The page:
ISV Editor's Desk

  1. Being Successful At Customer Success

    If you ask two different software leaders to define “customer success,” you’re likely to get two different responses. We sat down with Allison Pickens, Chief Customer Officer at Gainsight, to clarify the converssation and pick her brain on all-things-CS — from pitfalls and best practices to structuring a CS team.

  2. Why A Small Software Company Was Flooded With 575 Job Applications

    Wildbit has been building development workflow, email delivery, and code deployment software for more than 16 years. The company was recently flooded with 575 applicants for a content strategist position. That’s right: 575 applications that didn’t require hiring a staffing firm or even heavily investing in promoting the job posting.


  3. Quick Tips From A SaaS Marketing Expert

    Andrus Purde knows firsthand how to scale SaaS marketing teams. Purde is the founder of Outfunnel, and was previously the head of marketing at Pipedrive and a product marketing manager at Skype. During his tenure at Pipedrive, he built a marketing team of more than 20 people and was along for the ride as the company grew from zero to more than 50,000 paying customers.

  4. SaaS Funding Lessons From A Brewing Startup

    The CEO of a brewery POS software company shares insights from raising a seed round that can apply to software companies at any stage.

  5. 9 Hacks For Successful Software User/Partner Conferences

    If you’re one of the 80 percent of B2B companies with marketing dollars allocated to events, keep reading – especially if you’re a software company that hosts its own partner/user conference. If you’re not part of the event world, you should know Forrester ranks trade shows and events as the second most effective marketing investment behind your company’s website (but convincing you to enter the events business is another article for another day). When done right, partner/user conferences are a proven way to reduce churn, generate revenue, increase engagement, gather feedback, and create excitement about new products or features.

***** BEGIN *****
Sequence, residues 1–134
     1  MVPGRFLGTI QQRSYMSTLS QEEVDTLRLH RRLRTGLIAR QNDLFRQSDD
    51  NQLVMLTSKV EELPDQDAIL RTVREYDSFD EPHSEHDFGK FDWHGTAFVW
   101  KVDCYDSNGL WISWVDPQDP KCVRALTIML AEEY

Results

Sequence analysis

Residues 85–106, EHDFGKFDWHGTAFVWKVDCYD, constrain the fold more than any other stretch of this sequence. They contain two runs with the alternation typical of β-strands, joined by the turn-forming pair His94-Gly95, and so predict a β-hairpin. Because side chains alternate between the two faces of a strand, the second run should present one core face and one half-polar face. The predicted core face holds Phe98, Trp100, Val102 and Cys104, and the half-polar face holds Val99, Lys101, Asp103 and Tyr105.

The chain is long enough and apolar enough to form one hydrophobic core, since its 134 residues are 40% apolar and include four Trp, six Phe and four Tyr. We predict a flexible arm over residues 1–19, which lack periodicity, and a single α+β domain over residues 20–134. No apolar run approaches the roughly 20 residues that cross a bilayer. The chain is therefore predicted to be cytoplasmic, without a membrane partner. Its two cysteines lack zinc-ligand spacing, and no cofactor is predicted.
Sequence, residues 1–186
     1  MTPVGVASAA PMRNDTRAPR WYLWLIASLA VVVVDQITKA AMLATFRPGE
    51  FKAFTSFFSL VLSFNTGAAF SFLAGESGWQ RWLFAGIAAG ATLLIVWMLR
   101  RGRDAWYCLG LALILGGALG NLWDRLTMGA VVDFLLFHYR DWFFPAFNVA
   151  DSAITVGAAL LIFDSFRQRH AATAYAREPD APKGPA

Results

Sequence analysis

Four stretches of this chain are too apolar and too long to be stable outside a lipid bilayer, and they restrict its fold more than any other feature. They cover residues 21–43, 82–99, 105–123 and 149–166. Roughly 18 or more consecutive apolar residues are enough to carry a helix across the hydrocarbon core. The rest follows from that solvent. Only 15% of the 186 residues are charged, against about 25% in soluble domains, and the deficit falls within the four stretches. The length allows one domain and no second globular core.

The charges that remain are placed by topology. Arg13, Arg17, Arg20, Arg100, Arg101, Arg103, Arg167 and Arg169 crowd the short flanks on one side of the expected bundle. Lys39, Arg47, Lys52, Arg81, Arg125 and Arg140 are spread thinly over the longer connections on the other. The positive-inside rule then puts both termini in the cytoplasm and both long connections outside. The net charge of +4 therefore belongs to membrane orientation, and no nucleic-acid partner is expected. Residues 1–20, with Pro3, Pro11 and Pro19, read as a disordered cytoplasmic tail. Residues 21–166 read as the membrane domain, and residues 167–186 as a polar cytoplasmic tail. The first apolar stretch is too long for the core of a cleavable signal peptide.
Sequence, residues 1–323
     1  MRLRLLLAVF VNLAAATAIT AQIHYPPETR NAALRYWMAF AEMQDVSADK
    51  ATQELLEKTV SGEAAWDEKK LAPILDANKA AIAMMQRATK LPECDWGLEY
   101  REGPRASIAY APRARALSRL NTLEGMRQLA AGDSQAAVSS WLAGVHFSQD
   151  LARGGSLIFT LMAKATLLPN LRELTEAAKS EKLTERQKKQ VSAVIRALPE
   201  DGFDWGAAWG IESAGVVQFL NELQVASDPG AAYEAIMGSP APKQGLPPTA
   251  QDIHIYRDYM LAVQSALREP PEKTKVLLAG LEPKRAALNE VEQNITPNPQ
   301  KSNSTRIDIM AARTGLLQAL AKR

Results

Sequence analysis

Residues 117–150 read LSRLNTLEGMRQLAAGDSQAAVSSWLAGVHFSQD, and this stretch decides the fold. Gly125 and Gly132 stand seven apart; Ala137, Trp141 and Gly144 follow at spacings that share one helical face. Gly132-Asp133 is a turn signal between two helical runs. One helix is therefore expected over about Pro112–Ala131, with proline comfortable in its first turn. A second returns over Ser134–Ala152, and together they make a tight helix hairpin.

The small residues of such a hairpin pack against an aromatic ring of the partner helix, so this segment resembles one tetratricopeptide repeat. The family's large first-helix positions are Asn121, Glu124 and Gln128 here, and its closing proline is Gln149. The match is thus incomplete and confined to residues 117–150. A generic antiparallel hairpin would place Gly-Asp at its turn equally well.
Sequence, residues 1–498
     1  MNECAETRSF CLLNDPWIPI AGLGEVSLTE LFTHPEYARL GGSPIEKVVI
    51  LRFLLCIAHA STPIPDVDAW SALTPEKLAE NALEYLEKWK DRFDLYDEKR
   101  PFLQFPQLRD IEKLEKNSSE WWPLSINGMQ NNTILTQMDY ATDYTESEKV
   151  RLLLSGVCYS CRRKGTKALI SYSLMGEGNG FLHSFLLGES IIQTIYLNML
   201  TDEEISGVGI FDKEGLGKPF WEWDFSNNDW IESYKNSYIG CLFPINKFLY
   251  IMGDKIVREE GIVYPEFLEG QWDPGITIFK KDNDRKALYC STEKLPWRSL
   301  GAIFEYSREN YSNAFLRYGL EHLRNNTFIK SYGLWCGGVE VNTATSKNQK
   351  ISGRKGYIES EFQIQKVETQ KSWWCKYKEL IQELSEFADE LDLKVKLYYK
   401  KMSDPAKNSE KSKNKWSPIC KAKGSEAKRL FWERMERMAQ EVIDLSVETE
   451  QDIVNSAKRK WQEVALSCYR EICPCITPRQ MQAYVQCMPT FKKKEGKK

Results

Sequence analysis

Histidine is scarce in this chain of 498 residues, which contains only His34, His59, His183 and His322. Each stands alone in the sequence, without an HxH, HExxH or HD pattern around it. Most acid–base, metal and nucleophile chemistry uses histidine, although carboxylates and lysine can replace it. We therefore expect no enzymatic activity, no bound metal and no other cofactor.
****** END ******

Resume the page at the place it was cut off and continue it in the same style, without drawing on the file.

6. Software Wisdom From Seth Godin

    Speaker and author Seth Godin is the author of 18 books, including Tribes, which was on the Amazon, New York Times, BusinessWeek and Wall Street Journal bestseller lists. To his raving fans, Godin needs no introduction. To the average software developer who doesn’t religiously read his blog, one of the most popular in the world, it’s important to understand the marketing guru knows the ins and outs of software businesses. 

  7. Companies To Watch: HyperGrid

    Forrester predicts the overall public cloud market will reach $236 billion by 2020. Amazon Web Services already owns about 30 percent of the market, and Microsoft Azure owns about 15 percent. Even though those are the two elephants in the room, that means there are still billions to be made around cloud infrastructure and services. And that’s why HyperGrid is excited about its on-premise cloud solution. This exclusive article exlains how this tech company is building a market while building cohesive engineering teams.

  8. What Mature ISVs Can Learn From A Startup Demo Day

    I attended a software startup demo day last week, and I wish every mature, established ISV could have been there to experience the infectious energy of young, aspiring, innovative entrepreneurs. The event was hosted by Pittsburgh-based AlphaLab, the software division of Innovation Works. AlphaLab was recently named one of the top 30 startup accelerators according to Forbes and the Seed Accelerator Rankings Project.

  9. Climbing The Product Development Communication Mountain

    I recently talked to an iOS developer who works for $400 million software company with different development teams that weren’t always in sync. For example, the web developers will push out a product but the iOS team won’t know about it, so they aren’t able to support the new features until the next release. By that next release the iOS team is perpetually in catch up mode, and the vicious cycle continues.Sound familiar? Shipping code on time and on the same schedule isn’t as easy as it sounds. Here's an inside look at how a software company that scaled from 20 to 100 employees climbed a mountain of communication challenges.

  10. Coding Culture: Building & Reinforcing Your Company Values

    You can’t code your way to a strong company culture. There isn’t an app for that. I mean no disrespect to software vendors who have clearly recognized a growing demand for this category of employee engagement solutions. But you shouldn't need a piece of software to remind you to recognize your employees. Four software company founders share tips that don't involve using apps and spreadsheets to make a company a place where people want to work